Advertisement

Empirical Economics

, Volume 56, Issue 2, pp 551–617 | Cite as

Import penetration and returns to tasks: recent evidence from the Peruvian labour market

  • Elizabeth J. Casabianca
  • Alessia Lo TurcoEmail author
  • Claudia Pigini
Article
  • 138 Downloads

Abstract

This paper provides original evidence on the impact of import penetration on wages of individuals performing manual/cognitive task-intensive jobs in the Peruvian labour market. Matching labour force surveys with task indicators from the us O*Net database and with information on industry- and occupation-specific import exposure, we build a continuous measure of manual intensity to uncover the heterogeneous effect of import penetration on workers’ wages. In order to tackle the endogeneity hampering the consistent estimation of our effects of interest, we combine an identification strategy based on heteroskedasticity with the traditional instrumental variable approach. We find that workers employed in highly cognitive/less manual-intensive jobs in the Peruvian manufacturing sectors are positively affected by industry-specific import penetration. This evidence is confirmed and magnified for the whole economy when the effects of occupation-specific import exposure are addressed.

Keywords

Peru Import penetration Task approach Manual-intensive occupations 

JEL Classification

F16 J24 J31 

Supplementary material

References

  1. Acemoglu D, Autor D (2011) Skills, tasks and technologies: implications for employment and earnings. No. chap. 12 in Handbook of labour economics. Elsevier, AmsterdamGoogle Scholar
  2. Acemoglu D, Autor D, Dorn D, Hanson GH, Price B (2016) Import competition and the great us employment sag of the 2000s. J Labor Econ 34(1):S141–S198Google Scholar
  3. Aedo C, Hentschel J, Moreno M, Luque J (2012) From occupations to embedded skills: a cross-country comparison. Technical report 6560, World BankGoogle Scholar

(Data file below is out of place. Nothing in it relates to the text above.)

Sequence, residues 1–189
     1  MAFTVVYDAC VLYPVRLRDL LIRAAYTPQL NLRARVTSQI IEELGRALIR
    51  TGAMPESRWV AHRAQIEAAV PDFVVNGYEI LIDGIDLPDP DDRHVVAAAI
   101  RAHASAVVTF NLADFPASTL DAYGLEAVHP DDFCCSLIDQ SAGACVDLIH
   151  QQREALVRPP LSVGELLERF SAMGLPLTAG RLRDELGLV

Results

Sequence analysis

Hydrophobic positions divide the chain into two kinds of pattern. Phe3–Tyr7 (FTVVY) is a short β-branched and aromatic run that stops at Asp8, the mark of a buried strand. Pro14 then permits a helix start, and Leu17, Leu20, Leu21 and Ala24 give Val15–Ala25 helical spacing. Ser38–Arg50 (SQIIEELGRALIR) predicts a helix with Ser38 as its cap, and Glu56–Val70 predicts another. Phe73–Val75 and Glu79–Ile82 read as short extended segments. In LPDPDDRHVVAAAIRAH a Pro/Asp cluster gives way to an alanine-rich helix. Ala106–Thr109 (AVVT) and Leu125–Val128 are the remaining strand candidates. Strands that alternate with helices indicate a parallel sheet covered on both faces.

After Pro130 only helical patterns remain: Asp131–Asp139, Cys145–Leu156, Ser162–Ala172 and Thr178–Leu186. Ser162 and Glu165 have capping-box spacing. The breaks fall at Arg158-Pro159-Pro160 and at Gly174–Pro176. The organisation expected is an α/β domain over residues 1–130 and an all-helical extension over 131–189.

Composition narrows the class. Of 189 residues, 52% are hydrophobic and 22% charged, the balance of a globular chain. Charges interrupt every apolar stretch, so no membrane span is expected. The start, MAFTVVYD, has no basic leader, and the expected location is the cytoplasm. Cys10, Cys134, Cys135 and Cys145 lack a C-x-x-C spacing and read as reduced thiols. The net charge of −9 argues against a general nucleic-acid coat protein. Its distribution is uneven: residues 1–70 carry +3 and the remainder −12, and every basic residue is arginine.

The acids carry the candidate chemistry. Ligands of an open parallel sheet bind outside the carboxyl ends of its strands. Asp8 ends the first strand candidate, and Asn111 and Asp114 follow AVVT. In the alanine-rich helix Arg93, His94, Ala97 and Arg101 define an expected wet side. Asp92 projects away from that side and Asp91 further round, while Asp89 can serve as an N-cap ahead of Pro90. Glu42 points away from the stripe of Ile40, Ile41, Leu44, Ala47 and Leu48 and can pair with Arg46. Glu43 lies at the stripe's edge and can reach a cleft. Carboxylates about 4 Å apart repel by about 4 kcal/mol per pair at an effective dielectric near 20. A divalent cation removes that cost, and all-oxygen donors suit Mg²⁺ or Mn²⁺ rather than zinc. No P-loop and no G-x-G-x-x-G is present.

4. Amiti M, Davis DR (2011) Trade, firms, and wages. Rev Econ Stud 79:1–36Google Scholar
  5. Amuedo-Dorantes C, de la Rica S (2011) Complements or substitutes? Task specialization by gender and nativity in Spain. Labour Econ 18(5):697–707Google Scholar
  6. Angrist JD, Evans WN (1998) Children and their parents’ labor supply: evidence from exogenous variation in family size. Am Econ Rev 88(3):450–477Google Scholar
  7. Ashournia D, Munch J, Nguyen D (2014) The impact of chinese import penetration on danish firms and workers. Technical report, IZAGoogle Scholar
  8. Attanasio O, Goldberg KP, Pavcnik N (2004) Trade reforms and income inequality in Colombia. J Dev Econ 74:331–366Google Scholar
  9. Autor DH, Dorn D (2013) The growth of low-skill service jobs and the polarization of the US labor market. Am Econ Rev 103(5):1553–1597Google Scholar
  10. Autor DH, Handel MJ (2013) Putting tasks to the test: human capital, job tasks, and wages. J Labor Econ 31(S1):S59–S96Google Scholar
  11. Autor D, Levy F, Murname R (2003) The skill content of recent technological change: an empirical exploration. Q J Econ 118(4):1279–1333Google Scholar
  12. Autor DD, David H, Hanson GH (2013) The china syndrome: local labor market effects of import competition in the United States. Am Econ Rev 103(6):2121–2168Google Scholar
  13. Autor DD, David H, Hanson GH (2014) Trade adjustment worker level evidence. Q J Econ 129(4):1790–1860Google Scholar
  14. Bacolod MP, Blum BS (2010) Two sides of the same coin: U.S. ”residual” inequality and the gender gap. J Hum Resour 45(1):197–242Google Scholar
  15. Baldwin R (2006) Globalisation: the great unbundling(s). Working paper, Geneva Graduate Institute of International StudiesGoogle Scholar
  16. Balli HO, Sorensen BE (2013) Interaction effects in econometrics. Empir Econ 45:583–603Google Scholar
  17. Baumgarten D, Geishecker I, Holger G (2013) Offshoring, tasks, and the skill-wage pattern. Eur Econ Rev 61(C):132–152Google Scholar
  18. Biscourp P, Kramarz F (2007) Employment, skill structure and international trade: firm-level evidence for France. J Int Econ 72(1):22–51Google Scholar
  19. Bloom N, Draca M, Van Reenen J (2015) Trade induced technical change? the impact of Chinese imports on innovation, it and productivity. Rev Econ Stud.  https://doi.org/10.1093/restud/rdv039 Google Scholar